Authors: John Stack
For Richard John Moran
Frances Moran nee Varian
Table of Contents
18th February 1587. Fotheringhay, England.
awn arrived slowly, the dull winter sunlight moving stealthily through the single window into the candle lit chamber, its soulless grey rays drawing all colour from the room. The lady knelt in prayer seemed almost like a statue, her pale skin and white veil stark against a black satin dress. The castle was finally quiet after hours of constant noise and the servants kneeling behind their sovereign listened intently to her murmured words of prayer, catching only snippets of the words spoken in a mix of languages.
Footsteps echoed from the hallway and the servants’ eyes darted towards the door. The lady remained motionless, a brief pause in her incantations the only outward sign that she was aware of the outside world. The knock reverberated through the still air.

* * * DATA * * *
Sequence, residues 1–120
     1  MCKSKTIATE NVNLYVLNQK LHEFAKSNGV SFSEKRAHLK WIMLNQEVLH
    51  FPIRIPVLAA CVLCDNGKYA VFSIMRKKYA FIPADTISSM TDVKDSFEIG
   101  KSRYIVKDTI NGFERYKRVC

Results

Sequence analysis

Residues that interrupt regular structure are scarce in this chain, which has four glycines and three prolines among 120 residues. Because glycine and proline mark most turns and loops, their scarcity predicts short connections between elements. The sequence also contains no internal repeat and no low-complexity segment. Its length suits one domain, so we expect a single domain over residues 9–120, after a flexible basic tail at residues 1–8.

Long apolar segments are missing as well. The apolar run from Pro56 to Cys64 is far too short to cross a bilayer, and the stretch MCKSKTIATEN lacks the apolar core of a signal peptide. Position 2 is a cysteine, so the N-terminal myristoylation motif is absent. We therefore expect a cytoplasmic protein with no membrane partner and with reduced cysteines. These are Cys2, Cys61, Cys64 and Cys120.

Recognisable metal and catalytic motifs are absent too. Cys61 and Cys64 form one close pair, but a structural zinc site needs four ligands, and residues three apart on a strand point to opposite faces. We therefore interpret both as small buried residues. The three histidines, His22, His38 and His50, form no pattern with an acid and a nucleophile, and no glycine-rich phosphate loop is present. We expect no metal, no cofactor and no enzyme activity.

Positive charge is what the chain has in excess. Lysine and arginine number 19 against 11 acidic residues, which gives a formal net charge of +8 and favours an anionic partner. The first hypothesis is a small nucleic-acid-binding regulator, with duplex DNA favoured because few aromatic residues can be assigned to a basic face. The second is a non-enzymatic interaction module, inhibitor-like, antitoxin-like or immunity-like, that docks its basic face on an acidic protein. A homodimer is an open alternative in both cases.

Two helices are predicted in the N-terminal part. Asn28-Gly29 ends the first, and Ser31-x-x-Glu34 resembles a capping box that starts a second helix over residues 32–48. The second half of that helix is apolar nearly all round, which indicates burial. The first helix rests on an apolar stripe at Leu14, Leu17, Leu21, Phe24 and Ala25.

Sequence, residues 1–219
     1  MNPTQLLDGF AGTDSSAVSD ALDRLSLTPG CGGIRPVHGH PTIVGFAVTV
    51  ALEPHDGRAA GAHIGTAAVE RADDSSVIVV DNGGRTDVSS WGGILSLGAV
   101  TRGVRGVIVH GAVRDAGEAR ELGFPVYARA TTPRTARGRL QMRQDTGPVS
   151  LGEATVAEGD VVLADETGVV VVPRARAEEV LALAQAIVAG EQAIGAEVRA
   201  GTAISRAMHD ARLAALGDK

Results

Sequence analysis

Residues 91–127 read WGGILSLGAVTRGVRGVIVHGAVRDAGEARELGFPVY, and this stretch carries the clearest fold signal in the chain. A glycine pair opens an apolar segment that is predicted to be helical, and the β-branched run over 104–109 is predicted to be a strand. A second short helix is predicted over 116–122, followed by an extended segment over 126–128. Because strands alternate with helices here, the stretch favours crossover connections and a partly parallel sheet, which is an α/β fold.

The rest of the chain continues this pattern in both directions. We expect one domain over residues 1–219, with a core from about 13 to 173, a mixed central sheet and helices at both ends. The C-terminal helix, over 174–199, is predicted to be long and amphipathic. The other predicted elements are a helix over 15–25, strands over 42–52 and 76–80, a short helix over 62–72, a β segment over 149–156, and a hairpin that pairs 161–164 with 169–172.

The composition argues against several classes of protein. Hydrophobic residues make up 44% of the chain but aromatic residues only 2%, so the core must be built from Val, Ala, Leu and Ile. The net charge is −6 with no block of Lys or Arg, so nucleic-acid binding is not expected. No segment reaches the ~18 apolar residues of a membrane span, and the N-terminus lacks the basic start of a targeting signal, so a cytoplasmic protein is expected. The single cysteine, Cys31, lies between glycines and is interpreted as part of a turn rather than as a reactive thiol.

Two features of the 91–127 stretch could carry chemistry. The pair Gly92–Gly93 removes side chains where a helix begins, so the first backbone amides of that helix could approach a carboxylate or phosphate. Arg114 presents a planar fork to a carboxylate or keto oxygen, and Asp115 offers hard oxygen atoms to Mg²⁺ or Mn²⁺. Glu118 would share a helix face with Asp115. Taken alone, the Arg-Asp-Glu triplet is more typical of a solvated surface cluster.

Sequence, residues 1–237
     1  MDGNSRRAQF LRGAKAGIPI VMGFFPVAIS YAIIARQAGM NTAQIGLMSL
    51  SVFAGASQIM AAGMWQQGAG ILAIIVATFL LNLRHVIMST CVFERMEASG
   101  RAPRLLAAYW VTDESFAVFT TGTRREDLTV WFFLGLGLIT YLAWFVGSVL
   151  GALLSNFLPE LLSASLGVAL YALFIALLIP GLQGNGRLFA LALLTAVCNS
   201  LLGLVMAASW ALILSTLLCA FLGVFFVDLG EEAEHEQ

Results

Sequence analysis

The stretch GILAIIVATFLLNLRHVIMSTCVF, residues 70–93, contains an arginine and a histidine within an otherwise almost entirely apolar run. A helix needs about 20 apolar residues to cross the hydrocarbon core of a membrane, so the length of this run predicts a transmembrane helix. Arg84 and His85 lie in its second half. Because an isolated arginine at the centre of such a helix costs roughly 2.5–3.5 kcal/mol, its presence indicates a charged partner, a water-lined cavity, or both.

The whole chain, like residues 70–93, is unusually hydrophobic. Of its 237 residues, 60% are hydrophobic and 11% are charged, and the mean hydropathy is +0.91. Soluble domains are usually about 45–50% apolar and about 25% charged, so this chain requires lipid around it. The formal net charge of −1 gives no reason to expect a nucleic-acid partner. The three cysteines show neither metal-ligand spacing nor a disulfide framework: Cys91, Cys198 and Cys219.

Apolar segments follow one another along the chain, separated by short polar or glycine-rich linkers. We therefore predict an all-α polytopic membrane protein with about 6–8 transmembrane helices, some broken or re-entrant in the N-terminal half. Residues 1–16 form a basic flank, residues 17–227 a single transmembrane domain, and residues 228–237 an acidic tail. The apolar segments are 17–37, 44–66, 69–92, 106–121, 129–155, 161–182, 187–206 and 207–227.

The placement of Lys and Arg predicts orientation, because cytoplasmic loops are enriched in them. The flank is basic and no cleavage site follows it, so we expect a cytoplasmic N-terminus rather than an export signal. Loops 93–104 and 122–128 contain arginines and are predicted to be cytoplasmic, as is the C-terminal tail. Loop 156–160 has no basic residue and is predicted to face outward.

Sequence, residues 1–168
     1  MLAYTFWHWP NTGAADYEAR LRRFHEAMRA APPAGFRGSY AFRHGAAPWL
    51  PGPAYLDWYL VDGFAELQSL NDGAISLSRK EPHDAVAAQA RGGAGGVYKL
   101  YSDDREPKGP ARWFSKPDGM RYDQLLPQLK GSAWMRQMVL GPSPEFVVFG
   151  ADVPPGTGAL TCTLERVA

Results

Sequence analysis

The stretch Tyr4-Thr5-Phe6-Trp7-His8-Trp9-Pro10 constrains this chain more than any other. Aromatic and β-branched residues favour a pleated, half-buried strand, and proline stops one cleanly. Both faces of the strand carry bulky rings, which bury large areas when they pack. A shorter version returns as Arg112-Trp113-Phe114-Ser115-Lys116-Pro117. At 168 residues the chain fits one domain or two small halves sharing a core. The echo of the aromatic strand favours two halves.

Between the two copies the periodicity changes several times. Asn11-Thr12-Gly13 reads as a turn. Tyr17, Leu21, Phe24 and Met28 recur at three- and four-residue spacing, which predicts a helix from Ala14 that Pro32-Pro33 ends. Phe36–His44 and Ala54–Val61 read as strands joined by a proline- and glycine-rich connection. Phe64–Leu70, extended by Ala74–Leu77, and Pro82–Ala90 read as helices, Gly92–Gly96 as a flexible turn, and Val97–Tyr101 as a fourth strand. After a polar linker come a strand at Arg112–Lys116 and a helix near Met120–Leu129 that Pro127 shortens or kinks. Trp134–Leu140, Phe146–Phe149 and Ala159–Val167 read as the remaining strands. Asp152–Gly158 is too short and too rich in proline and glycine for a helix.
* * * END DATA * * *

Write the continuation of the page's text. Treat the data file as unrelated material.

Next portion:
‘It is time,’ a voice shouted through the door. ‘The lords are waiting.’
‘Let them wait,’ the lady replied, turning her head slightly, ‘I have not yet finished my prayers.’
Her tone was one of command, steadfast and firm, and the voice outside did not protest. The servants looked once more to their charge, drawing courage from her composure. They bowed their heads as she continued her prayers, stifling their tears in a bid to preserve the solemnity of these final moments.
Mary Stuart, Queen of Scots, rose and turned to her faithful retainers. They had been with her for many years, some throughout her nineteen years of captivity. She spoke to each in turn, handing them tokens of her affection, keepsakes and purses that contained all that was left of her meagre wealth, before motioning to her personal groom. It was time.
The groom took down the crucifix from the altar and, holding it aloft before him, escorted his Queen from the room and along the corridor towards the great hall of the castle. The servants followed. As they neared the entrance the Queen turned to them one last time to bid them farewell. Her emissary fell to his knees and wept but she drew him up and embraced him.